One year ago, Cooley's Innovation Manager, Alex Chasko, added a few chips of bog oak to a sample of whiskey and invited the Irish Whiskey Society to try it. Since then we have been on the lookout for an official Connemara "Bog Oak" release. Now it's here!
In-house cooper, John Neilly, took three standard ex-bourbon casks and fitted new ends made from bog oak (ie oak that has been buried in a bog for thousands of years). Connemara whiskey that had already been maturing for some years was refilled into these casks which were then stored on their sides to allow as much contact between the whiskey and bog oak as possible.
|Some leftover pieces of bog oak in the cooper's workshop|
Most (80%) of the whiskey is the same heavily-peated malt that was released a year ago as Turf Mór. Since that was 3 years old then, this component would be 4 years old now. To that, Alex added malt from casks of varying ages between 8 and 15 years old, with some 6-year old too. According to Alex, this was to "develop the flavours from the bog oak and give the liquid some balance". The whiskey spent between 10 and 12 months in the bog oak casks. On October 31st, it was bottled at cask strength (57.5%).
There are only 1,000 bottles of this Bog Oak produced. This is a much smaller run than for the Connemara "Small Batch Collection" series we have seen in recent years. (The Small Batch Sherry Finish and the extra-peaty Turf Mór ran to about 20,000 bottles each.) Instead, the Bog Oak is marked "Connoisseurs Collection" and also carries Alex's signature which is a nice, new touch. Apparently there are other projects in the works that will come in around this size too.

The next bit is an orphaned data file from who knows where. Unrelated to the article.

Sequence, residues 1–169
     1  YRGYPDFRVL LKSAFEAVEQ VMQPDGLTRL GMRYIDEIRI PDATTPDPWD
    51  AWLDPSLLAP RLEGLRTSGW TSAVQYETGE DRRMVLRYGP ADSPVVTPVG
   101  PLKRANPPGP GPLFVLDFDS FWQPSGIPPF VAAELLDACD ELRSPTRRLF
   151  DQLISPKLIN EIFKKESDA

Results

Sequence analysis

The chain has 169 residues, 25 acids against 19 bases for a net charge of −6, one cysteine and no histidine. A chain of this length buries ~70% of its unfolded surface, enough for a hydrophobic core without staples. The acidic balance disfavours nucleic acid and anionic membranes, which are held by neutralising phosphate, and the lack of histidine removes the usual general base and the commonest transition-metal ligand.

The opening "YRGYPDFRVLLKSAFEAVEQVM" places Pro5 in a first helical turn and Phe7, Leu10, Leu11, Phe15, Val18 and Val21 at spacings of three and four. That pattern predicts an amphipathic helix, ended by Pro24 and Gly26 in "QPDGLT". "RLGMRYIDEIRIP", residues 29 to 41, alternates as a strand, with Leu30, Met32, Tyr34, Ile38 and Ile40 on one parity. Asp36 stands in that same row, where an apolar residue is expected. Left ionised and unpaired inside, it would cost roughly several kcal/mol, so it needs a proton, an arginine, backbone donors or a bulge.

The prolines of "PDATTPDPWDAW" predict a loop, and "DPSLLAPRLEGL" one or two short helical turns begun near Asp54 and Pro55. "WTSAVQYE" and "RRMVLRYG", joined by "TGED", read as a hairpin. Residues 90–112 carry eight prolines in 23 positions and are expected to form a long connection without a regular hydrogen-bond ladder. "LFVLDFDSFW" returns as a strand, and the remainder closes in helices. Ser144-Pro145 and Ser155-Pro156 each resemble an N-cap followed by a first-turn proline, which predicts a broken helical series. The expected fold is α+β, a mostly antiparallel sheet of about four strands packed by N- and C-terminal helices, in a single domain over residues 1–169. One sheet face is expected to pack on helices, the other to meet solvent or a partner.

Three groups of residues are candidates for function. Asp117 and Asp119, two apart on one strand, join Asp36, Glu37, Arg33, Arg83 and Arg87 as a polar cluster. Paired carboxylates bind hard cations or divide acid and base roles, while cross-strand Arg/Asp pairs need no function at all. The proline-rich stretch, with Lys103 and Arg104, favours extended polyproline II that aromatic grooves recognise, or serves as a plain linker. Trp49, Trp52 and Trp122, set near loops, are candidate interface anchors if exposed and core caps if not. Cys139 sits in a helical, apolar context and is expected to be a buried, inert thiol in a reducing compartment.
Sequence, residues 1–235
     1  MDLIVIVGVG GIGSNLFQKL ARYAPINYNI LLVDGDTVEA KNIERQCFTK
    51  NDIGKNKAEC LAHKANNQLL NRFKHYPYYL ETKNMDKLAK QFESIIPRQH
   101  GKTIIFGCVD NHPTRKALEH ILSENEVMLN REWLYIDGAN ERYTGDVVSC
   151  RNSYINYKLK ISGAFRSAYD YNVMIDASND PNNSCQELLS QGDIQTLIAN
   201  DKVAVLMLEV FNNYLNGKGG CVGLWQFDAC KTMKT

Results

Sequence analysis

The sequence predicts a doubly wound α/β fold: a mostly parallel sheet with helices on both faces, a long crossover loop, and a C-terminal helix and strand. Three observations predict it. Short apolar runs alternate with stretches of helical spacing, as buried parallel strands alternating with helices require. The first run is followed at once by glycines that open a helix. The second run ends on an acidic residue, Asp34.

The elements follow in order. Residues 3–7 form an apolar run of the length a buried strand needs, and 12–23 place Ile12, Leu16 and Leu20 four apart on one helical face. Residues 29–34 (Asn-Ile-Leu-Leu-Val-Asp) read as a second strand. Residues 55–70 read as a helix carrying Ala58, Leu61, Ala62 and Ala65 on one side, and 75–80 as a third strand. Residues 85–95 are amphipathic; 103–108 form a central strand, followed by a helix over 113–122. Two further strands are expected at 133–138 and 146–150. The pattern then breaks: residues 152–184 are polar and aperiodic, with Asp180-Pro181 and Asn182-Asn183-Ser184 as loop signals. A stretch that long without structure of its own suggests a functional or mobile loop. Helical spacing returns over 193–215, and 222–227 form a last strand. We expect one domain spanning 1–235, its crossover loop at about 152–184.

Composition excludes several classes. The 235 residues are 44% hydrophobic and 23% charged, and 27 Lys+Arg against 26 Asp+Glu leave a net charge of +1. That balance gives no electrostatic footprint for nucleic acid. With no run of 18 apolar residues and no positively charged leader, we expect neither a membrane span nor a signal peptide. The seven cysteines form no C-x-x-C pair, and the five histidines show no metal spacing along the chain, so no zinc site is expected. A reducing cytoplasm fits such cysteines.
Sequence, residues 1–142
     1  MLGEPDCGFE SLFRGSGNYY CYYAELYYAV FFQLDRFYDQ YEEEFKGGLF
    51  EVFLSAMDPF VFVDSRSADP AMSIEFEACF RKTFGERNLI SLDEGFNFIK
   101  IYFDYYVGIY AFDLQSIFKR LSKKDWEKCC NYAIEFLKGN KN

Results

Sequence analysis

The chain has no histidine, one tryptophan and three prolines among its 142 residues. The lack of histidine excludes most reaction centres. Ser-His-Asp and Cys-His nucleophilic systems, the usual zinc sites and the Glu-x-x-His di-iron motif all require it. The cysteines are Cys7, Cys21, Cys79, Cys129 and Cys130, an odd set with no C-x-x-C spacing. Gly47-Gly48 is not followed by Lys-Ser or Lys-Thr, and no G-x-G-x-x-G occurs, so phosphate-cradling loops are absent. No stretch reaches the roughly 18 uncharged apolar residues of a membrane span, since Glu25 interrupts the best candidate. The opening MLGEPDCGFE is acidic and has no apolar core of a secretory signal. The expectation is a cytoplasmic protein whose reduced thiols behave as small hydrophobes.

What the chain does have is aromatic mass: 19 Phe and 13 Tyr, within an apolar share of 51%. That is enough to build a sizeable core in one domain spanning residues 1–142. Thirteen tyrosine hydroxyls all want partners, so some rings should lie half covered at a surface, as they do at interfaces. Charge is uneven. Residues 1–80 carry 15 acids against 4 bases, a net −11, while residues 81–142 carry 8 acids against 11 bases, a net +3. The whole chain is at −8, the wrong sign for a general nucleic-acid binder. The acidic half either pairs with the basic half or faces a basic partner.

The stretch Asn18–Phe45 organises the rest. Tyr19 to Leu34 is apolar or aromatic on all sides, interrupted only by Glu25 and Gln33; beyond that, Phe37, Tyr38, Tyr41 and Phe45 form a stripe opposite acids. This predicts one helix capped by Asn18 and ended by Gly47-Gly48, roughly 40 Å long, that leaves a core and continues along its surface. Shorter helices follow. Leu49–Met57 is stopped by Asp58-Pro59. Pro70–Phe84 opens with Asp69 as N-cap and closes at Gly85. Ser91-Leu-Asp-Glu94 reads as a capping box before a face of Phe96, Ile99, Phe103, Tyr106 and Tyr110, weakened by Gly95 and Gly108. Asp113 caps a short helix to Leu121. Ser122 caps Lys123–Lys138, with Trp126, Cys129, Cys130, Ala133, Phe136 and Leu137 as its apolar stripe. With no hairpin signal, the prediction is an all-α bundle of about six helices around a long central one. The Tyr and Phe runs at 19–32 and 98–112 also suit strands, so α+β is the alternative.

Let's try it... There is some peat on the nose but it's playing well with other notes of hay, and a touch of boot polish. Very inviting. The taste is pretty peppery. Although much of the whiskey is only 4 years old, I can't detect that youth in the spirit, but the peat is still quite lively. When that fades, we have a gorgeous sweet, zesty orange marmalade. The finish is dry and long without a hint of wood. That's a good trick.
Adding a few drops of water... Lots of oily precipitate! That tempers the initial heat. Now we have a very balanced whiskey. The peat is exactly where I like it: contributing to the ensemble without being obvious. There is nothing about this whiskey that I wish was different. It's a cracker!
I asked Alex what, in his opinion, was the effect of the bog oak on the whiskey:
I think that the bog oak did a few things. The most surprising thing was that it added the orange marmalade flavours that you picked up on in your review. It also brought the peat levels down a little in the nose and added a very nice long finish. So it did a few things that we didn't expect. That was kind of the fun of trying something new!
... The bog oak changed the strong in-your-face elements of the heavy peat. I am not sure if it did this by reducing the phenol ppms or if it added other notes that resulted in a perception of less peat. The reason for the range of ages was to try and give some depth and dynamic. The bog oak was changing the Turf Mór and I wanted to help it with a small amount of older casks. So the Turf Mór was in the bog oak for almost a year and the older casks were in the bog oak for a little shorter time.The Connemara Bog Oak has a recommended retail price of €250 and ships in a wooden case with a chunk of bog oak from the cask ends themselves (no second-fills there then).
This has been a great year for Irish whiskey. I can think of at least four bottlings that were outstanding. One was from Midleton: Power's John's Lane. The other three were from Cooley: Kilbeggan 18yo, Tyrconnell 11yo Sherry Finish, and now this Connemara Bog Oak. Well done, Cooley!